Well, you’d be wrong
I came across an op-ed piece in The Economist‘s The World in 2021 penned by Kishore Mahbubani from the Asia Research Institute at the National University of Singapore that had me doing a double take. Mr. Mahbubani wrote that “History has turned a corner. The era of Western domination is ending” (where have we heard THAT before?). He goes on to heap praise on China, which he thinks will centre the ‘dawn of the Asian century’, by citing its ‘competent response’ to the coronavirus, its ‘quality of governance’, and its ‘robust public-policy measures’ to solve COVID (gee, I wonder if he is as impressed with the ‘robustness’ of China’s ‘public-policy measures’ in Xinjiang??
He goes on and on and concludes by actually stating that “Paradoxically, a China-led order could turn out to be a more “democratic” one. China does not want to export its model. It can live with a diverse, multi-polar world. “
No it can’t. If you want to read a more factual account of what China really is check out the weekly Chaguan column, also in The Economist, particularly this one entitled “China doubles down in Xinjiang“. Another good piece is by the National Post‘s Kelly McParland: “Who exactly is Beijing trying to fool?“
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Second largest economy
China has absolutely no interest in being a responsible international partner. It is interested only in furthering its influence and will do what it can to get its way. The fact that it is the planet’s second largest economy (and soon to be first as already noted) with by far the world’s largest army (with nukes too!) and engages in increasingly far-flung actions in areas such as the Arctic (not to mention the colossal Belt-Road Initiative whereby it builds infrastructure in poor countries that cannot afford it and takes possession when the bill comes due), should worry us. A lot. There is even a report that it has paid bounties in Afghanistan to terrorists to kill US soldiers.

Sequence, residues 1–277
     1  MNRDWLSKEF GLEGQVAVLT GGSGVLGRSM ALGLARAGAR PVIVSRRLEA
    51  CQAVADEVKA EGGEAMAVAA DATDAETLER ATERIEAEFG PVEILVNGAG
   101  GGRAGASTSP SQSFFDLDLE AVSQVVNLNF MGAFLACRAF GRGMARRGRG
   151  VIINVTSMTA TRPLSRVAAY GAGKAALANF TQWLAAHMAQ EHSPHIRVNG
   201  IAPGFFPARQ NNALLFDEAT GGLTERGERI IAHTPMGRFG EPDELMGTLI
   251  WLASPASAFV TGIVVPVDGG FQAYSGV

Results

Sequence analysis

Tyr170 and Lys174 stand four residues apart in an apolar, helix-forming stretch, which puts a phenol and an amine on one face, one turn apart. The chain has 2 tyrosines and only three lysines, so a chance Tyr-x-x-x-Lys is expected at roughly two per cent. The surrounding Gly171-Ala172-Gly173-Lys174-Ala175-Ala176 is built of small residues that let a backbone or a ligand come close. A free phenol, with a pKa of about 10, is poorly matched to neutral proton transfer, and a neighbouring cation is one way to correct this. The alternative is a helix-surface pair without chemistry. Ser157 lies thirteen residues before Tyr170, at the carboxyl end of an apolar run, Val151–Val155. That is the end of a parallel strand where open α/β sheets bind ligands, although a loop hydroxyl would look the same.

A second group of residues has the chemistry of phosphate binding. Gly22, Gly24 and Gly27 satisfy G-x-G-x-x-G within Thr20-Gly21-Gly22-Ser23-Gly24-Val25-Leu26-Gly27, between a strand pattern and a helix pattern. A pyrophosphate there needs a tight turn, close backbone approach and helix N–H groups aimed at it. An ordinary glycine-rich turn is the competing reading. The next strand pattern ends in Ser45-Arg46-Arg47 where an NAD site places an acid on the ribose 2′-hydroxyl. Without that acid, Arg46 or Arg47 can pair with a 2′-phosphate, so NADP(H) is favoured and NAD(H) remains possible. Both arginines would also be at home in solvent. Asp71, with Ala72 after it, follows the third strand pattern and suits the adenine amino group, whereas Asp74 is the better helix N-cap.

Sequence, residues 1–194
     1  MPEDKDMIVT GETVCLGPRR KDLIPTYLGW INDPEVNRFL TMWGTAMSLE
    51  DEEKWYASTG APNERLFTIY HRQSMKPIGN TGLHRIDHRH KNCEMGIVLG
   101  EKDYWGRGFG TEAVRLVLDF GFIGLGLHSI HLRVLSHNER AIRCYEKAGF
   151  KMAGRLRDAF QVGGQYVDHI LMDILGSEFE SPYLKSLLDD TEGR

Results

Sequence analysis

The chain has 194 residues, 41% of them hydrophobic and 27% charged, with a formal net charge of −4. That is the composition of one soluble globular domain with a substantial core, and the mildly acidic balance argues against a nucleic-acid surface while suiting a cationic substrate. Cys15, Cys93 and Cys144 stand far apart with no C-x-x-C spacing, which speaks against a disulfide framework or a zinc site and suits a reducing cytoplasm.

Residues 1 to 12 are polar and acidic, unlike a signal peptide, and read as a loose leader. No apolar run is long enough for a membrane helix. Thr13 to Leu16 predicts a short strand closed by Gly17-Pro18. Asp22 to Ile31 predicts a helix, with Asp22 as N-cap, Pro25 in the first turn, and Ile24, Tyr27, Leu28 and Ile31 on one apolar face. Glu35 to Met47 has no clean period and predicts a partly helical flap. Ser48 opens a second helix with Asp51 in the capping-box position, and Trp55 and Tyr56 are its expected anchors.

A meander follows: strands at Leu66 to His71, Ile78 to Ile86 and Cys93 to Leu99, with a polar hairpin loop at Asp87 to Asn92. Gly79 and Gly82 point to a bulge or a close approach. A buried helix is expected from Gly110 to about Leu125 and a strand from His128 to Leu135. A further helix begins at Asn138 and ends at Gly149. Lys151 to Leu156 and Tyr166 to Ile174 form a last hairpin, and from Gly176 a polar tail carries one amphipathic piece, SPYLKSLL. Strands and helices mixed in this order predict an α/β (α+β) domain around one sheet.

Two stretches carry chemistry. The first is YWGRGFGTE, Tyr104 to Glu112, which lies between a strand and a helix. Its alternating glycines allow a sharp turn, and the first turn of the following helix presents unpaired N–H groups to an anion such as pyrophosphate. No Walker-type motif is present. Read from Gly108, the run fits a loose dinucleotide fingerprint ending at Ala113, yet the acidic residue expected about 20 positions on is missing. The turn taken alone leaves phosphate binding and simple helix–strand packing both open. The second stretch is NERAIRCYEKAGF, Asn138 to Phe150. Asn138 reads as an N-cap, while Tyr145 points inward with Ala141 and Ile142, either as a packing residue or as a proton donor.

And yet what people such as Mr. Mahbubani are doing is also of concern. He, and others such as former Canadian Ambassador to China John McCallum, are what the Soviets used to call during the Cold War ‘useful idiots’, individuals who would say or do anything to support communism despite clear indications of its brutality. I am not a conspiracy theorist so I don’t want to go down the road of who is in the pay of whom, but at a minimum these people who sing China’s praises are dolts.
So, repeat after me: China is not ‘our’ friend, whether by ‘our’ I mean both the West in general and any other nation for that matter. It is a nation bent on hegemonic aims, does not share any of ‘our’ values, has absolutely no respect for human rights and seems to think that the use of force is still an acceptable way to win minds and hearts.
Maybe this tactic continues to work. That does not mean we have to accept it lying down. It is time to call a spade a spade and push back.
And it is time for the useful idiots to take a cold, hard look at what they are supporting.